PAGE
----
U.S. NEWS
06/01/2019 10:13 EDT | Updated 06/01/2019 16:18 EDT

Virginia Beach Officials Identify Municipal Center Shooting Victims

Many were longtime public works and public utilities employees who lived in the area.

Virginia Beach officials have identified the 12 people killed in Friday’s Municipal Center shooting.

In a Saturday morning press conference, Virginia Beach City Manager Dave Hansen read the names of the victims, many of whom were longtime public works and public utilities employees in the area:

  • Laquita C. Brown of Chesapeake, who served in public works for 4 1/2 years and was a right-of-way agent

  • Tara Walsh Gallagher of Virginia Beach, who served in public works as an engineer for more than six years

  • Mary Louise Gayle of Virginia Beach, who served in public works for more than 24 years and was a right-of-way agent

  • Alexander Mikhail Gusev of Virginia Beach, who served in public works for more than nine years and was a right-of-way agent

  • Katherine A. Nixon of Virginia Beach, who served in public utilities as an engineer for more than 10 years

  • Richard H. Nettleton of Norfolk, who served in public utilities for more than 28 years as an engineer

  • Christopher Kelly Rapp of Powhatan, who served in public works for 11 months as an engineer

  • Ryan Keith Cox of Virginia Beach, who served in public utilities for more than 12 1/2 years as an accountant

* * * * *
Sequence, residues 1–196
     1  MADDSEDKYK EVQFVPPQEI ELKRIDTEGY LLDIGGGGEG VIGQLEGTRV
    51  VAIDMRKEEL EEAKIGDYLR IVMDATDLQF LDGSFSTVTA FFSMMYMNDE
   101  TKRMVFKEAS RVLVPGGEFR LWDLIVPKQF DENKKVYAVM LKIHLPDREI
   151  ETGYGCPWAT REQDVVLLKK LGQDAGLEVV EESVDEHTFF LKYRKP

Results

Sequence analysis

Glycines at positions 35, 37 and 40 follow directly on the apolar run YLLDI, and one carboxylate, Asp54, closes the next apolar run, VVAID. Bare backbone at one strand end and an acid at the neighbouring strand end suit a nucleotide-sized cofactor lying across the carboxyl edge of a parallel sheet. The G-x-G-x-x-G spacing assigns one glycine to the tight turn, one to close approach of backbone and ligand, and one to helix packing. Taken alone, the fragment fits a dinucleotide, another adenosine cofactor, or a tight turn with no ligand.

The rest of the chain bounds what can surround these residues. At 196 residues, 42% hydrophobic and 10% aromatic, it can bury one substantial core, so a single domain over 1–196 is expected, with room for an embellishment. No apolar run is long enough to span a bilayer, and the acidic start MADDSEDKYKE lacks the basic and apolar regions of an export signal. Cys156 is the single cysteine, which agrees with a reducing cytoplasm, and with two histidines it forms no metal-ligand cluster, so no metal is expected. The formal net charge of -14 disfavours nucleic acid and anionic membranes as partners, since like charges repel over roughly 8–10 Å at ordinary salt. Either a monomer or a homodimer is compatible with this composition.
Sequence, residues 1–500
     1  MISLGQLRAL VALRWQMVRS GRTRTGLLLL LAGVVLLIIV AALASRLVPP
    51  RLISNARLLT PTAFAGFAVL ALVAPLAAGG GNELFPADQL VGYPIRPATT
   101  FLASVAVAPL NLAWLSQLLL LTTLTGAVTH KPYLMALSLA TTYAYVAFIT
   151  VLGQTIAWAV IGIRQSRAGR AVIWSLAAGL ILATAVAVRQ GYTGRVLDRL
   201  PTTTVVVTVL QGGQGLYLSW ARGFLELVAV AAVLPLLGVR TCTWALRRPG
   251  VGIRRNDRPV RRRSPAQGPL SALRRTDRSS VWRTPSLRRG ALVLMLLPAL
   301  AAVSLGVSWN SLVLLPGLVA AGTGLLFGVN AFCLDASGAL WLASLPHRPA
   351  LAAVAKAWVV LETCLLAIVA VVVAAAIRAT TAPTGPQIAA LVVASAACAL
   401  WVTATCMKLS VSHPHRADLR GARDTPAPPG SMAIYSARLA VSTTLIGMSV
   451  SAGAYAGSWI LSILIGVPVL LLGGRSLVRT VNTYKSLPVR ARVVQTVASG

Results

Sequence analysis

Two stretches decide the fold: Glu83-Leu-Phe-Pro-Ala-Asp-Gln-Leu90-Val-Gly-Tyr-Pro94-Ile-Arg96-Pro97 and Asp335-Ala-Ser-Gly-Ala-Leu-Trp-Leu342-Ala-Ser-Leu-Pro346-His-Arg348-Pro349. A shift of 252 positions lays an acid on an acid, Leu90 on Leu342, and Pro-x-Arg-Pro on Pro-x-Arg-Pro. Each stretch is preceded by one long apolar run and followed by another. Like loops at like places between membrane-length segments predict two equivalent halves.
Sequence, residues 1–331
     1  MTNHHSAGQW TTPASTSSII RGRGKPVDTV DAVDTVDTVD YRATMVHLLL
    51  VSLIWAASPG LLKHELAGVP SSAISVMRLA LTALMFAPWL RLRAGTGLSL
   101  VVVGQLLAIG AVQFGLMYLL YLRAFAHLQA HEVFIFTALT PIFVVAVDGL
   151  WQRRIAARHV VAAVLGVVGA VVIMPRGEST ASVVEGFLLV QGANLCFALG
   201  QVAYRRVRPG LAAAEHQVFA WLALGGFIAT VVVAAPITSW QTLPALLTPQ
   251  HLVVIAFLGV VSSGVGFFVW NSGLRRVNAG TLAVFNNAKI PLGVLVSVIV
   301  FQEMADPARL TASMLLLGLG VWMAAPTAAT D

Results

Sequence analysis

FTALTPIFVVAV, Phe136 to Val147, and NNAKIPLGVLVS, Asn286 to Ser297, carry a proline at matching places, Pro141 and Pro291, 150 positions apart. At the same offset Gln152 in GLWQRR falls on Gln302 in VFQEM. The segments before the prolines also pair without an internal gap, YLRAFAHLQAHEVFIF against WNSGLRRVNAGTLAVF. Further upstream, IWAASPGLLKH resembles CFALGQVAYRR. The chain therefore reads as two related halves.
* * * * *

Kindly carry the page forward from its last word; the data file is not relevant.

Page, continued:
• Joshua O. Hardy of Virginia Beach, who served in public utilities for 4 1/2 years as an engineering technician

  • Michelle “Missy” Langer of Virginia Beach, who served in public utilities for 12 years as an administrative assistant

  • Robert “Bobby” Williams of Chesapeake, who served in public utilities for more than 41 years as a special projects coordinator

  • Herbert “Bert” Snelling of Virginia Beach, who was a contractor working on filling a permit

Just after 4 p.m. on Friday, police were alerted to shots fired at the city office building, which is part of a large municipal government complex downtown.

According to Police Chief James A. Cervera, an employee had entered the building and began firing indiscriminately at staffers on multiple floors using what is believed to have been .45-caliber handgun with a silencer.

Four officers confronted him at the scene and exchanged fire in what Cervera called a “long-term gun battle,” after which the shooter died.

On Saturday, officials identified the suspect as DeWayne Craddock, a 40-year-old public utilities engineer who had access to the building via a security pass, CNN and The New York Times reported

According to The Associated Press, Craddock was a military veteran described by neighbors as a taciturn man who rarely smiled.

Two months before the shooting on March 30, police had conducted mass shooting training in an effort to prepare for large-scale emergencies, CNN reported.

However, Cervera emphasized that real-life situations are different.

“While we train extensively, while we go over all of our protocols extensively, once you enter an environment such as this, everything changes,” he said. “Things change in a moment’s notice, such as the gun battle with the suspect. So we did train as recent as March 30, but officers had to make instantaneous decisions at that moment in time on how to engage the suspect.”